Going back to using credit again and opening new lines after credit card debt settlement can be intimidating. As for how long you should wait, there is no specific timeframe. However, it is important to take some time to stabilize your financial situation, rebuild a solid financial foundation and show responsible credit management. Rebuilding credit takes time and effort. Several months or as long as you have established a stable financial footing should be okay.
How to Rebuild Your Credit After Credit Card Settlement
A credit card debt settlement only gives you the chance to reset, reorganize and rebuild your finances. After that, you must invest time, effort, and discipline to make it worthwhile. Here are a few tips to rebuild your credit:
- Pay your bills on time — all of them.
- Don’t live on credit — try only to use less than 30% of your available credit.
- Use secured credit cards to build positive payment history.
- Use a variety of credit (loans, credit cards, lines of credit, etc.). You want to prove your ability to manage many types of debt.
- Review your credit reports from all three major credit bureaus (Equifax, Experian, and TransUnion). Be diligent about reporting discrepancies and errors.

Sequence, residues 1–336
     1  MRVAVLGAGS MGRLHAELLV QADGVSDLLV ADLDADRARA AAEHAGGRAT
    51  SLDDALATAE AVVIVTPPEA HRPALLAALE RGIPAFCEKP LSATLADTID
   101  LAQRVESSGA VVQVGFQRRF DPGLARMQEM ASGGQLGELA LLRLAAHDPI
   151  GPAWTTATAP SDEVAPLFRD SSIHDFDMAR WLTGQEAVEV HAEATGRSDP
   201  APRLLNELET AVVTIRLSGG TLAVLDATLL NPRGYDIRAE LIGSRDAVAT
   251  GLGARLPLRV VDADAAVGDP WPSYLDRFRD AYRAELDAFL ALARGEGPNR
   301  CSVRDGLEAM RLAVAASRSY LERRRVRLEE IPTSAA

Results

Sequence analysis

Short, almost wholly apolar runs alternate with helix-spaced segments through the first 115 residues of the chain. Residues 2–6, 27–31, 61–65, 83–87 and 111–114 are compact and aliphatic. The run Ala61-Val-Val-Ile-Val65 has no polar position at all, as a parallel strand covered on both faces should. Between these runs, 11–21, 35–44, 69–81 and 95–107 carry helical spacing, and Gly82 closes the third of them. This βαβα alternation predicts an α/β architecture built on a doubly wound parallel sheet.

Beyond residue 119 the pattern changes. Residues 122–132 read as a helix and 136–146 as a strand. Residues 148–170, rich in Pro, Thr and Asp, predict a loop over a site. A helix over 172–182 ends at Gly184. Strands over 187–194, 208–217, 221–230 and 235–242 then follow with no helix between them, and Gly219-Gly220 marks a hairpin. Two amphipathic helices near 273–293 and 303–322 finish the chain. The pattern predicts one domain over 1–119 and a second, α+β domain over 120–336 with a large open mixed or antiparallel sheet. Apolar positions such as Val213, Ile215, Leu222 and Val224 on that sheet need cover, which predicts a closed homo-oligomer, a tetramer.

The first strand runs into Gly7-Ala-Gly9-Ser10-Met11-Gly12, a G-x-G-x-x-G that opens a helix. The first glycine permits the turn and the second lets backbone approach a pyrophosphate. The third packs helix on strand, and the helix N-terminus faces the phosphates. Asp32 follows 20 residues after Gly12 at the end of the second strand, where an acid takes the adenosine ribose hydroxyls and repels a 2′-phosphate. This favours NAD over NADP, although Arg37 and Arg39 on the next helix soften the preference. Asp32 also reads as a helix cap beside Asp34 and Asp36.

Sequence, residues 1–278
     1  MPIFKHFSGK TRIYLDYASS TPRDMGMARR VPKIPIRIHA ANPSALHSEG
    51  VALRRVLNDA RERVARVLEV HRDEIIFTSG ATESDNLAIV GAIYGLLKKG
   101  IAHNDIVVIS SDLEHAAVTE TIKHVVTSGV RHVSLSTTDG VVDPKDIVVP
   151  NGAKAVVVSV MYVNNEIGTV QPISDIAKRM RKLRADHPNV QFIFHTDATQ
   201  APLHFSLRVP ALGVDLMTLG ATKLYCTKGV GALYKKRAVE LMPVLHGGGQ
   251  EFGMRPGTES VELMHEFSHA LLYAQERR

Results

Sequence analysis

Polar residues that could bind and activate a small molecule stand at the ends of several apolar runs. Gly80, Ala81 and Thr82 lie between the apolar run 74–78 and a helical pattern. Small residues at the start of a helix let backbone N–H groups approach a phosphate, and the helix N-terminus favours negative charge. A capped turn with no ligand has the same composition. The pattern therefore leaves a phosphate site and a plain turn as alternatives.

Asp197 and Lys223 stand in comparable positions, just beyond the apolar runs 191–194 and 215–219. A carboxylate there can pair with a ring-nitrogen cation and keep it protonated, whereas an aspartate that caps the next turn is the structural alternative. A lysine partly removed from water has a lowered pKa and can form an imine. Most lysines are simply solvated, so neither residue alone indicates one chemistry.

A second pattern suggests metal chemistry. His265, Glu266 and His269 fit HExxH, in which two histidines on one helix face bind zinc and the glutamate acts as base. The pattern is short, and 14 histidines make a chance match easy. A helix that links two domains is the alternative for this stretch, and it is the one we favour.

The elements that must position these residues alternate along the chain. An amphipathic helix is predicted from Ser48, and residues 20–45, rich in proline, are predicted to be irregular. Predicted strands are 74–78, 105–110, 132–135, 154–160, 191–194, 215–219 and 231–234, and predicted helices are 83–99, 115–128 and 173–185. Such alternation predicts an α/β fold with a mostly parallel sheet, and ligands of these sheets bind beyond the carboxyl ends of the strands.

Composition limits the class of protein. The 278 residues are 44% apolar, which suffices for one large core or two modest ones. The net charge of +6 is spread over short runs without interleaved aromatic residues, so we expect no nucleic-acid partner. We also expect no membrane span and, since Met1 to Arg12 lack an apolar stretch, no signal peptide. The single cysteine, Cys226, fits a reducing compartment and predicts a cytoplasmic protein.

- Practice sound financial habits and trust the process. It works.
- Consult credit counselling agencies or financial professionals for personalized advice on how to manage your credit.
Should You Settle Your Credit Card Debt?
Settling credit card debt depends on your specific situation. This form of debt relief allows you to clear your debts and reorganize your finances, but the downsides – fees for services, late fees for failure to make payments, interest charges on amount owed and damage to credit score – could make it a costlier decision that you realize. This is a personal decision that requires careful consideration about where you are financially vs. the plusses and minuses associated with debt settlement.
If you’re unsure about any of it, consult a nonprofit credit counseling agency. And weigh all your options.
At InCharge Debt Solutions, our debt relief services include debt management, credit counseling and financial education resources. Our highly trained and certified team of financial experts will provide you with the personalized help you need to navigate the complexities of credit card debt settlement and help you develop a plan to regain control of your finances. We look forward to helping you pave the way towards financial stability and a brighter future.
About The Author
Alan Schmadtke is the founder and president of MacGuffin Publishing, a content marketing firm in Central Florida. Prior to that, Alan was chief people officer at Launch That, for whom he spearheaded employee training and development, including seminars about the importance of retirement savings and adult money management. He also has vast experience as a reporter, editor and leader at the Orlando Sentinel. He lives in Cape Canaveral.